It may be just in my head due to the caution of steam in the industry.Or doesn't the temp. rise in the oven when you hit the steam?
Ramodeo, do you know?

By Yankee on Tuesday, September 19, 2000 - 06:15 pm: Edit

When water is converted into gas(steam), the process is exothermic (heat is produced). The steam is hotter than the boiling water from which it is being produced. As the steam cools, it turns back into water.

Honestly, this is one of the few things I remember from Chem 1A. Besides, I watch people burn themselves all day long...

The steam is also added during the initial baking process to help the bread form a crust. The water forms on the outside of the bread after the addition of moisture to the oven, and as it turns into steam, it dries the outside skin of the bread. The water basically boils off of the skin of the bread, thereby cooking the skin faster than the inside of the loaf.

This process also helps keep the rest of the bread moist, kind of like searing the outside of a piece of meat. Carmalization for looks and flavor, plus moisture retention.

Happy baking.

By Panini (Panini) on Tuesday, September 19, 2000 - 09:37 pm: Edit

Did you answer the question? Does injecting steam into an oven increase the temp.?

By momoreg on Tuesday, September 19, 2000 - 09:52 pm: Edit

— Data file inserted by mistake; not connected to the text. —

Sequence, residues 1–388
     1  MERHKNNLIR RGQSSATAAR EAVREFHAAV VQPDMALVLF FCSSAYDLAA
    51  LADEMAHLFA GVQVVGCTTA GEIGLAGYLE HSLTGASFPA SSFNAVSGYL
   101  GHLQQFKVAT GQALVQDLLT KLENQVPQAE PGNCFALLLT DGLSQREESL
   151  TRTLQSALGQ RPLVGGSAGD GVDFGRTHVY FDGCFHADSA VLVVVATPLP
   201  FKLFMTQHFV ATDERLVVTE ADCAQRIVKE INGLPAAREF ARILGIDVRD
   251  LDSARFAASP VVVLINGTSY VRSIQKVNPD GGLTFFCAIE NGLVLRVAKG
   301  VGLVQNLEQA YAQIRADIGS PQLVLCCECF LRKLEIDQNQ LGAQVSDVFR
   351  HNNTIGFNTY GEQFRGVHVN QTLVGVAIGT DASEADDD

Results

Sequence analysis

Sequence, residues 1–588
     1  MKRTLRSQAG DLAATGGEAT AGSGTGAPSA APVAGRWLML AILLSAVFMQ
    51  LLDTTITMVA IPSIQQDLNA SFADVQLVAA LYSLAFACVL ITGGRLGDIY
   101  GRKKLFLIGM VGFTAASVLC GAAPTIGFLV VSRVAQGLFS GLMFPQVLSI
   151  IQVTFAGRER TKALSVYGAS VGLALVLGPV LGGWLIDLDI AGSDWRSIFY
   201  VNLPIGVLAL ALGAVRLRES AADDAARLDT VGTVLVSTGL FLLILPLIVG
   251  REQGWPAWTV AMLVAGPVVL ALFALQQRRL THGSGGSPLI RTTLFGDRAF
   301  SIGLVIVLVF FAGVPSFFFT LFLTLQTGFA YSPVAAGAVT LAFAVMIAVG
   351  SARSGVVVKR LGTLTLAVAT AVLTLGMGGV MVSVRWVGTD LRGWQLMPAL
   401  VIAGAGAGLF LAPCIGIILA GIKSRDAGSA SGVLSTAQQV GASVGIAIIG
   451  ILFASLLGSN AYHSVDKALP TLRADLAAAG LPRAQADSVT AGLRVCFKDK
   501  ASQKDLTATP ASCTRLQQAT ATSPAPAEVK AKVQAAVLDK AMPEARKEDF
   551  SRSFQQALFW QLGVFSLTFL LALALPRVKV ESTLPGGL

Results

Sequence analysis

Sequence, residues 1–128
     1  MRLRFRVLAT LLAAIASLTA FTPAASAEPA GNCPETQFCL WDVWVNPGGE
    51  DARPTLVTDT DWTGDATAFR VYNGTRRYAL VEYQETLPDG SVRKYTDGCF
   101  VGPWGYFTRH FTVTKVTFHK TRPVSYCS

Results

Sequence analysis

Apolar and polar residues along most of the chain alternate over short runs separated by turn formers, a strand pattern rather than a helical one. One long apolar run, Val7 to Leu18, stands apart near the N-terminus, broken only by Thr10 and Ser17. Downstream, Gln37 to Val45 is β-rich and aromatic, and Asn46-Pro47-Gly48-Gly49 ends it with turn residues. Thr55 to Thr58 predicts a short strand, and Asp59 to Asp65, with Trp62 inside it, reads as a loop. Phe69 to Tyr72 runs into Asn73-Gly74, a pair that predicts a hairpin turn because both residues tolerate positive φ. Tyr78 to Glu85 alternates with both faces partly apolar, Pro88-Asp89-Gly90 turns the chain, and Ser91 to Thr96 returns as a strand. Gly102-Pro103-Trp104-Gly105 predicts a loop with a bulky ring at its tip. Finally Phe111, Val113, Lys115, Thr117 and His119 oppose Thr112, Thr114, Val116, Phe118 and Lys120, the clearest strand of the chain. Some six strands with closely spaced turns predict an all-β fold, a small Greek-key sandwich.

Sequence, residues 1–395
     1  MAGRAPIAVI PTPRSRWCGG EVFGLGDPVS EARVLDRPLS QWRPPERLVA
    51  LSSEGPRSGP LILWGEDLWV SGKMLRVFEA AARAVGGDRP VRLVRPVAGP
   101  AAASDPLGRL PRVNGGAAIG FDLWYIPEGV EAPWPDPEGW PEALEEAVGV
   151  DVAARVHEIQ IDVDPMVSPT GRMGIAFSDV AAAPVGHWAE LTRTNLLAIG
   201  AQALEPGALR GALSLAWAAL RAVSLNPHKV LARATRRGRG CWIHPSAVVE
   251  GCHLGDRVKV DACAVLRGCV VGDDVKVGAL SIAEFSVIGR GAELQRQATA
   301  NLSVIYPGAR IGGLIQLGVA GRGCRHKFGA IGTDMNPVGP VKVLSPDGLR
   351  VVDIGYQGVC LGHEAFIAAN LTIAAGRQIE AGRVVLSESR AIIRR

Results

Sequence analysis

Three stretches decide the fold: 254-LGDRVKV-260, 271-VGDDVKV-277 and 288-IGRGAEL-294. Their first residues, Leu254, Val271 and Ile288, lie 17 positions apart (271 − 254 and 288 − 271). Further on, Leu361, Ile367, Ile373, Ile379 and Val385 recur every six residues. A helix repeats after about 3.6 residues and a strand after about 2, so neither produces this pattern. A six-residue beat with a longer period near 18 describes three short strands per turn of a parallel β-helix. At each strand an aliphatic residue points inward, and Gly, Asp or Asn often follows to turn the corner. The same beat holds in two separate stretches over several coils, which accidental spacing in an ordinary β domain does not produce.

Yankee, How hot is steam? I was always under the impression that it's the same as boiling water. I didn't know that H2O could go any higher in temp.

By Mikeh (Mikeh) on Wednesday, September 20, 2000 - 12:28 am: Edit

How hot is steam is a difficult question to answer. Here is some more chemistry for you.

As energy is added to water molecules they get excited and move with increasing speed causing the temperature to increase. Each degree increase from freezing point to boiling point requires 1 calorie of energy per gram of water. (As an off topic point of interest, if you have every seen the beer & ice cream diet hoax, the reason why it doesn't work is because they calculate the calories in beer and ice cream when they are in reality kilocalories).

When the water reaches 100degC it goes through a phase change from liquid to gas. This phase change requires the addition of a huge amount of extra energy, 540cal/g to be precise. This extra energy is called the LATENT HEAT OF VAPORIZATION. So, water at 100degC has 100 calories worth of energy in it, but steam at 100degC has 640 calories worth of energy. This is why steam burns so badly, because it has a lot more energy in it. The same is true with oil, spill 100degC oil on one arm and 100degC water on the other and the oil will produce the worse burn.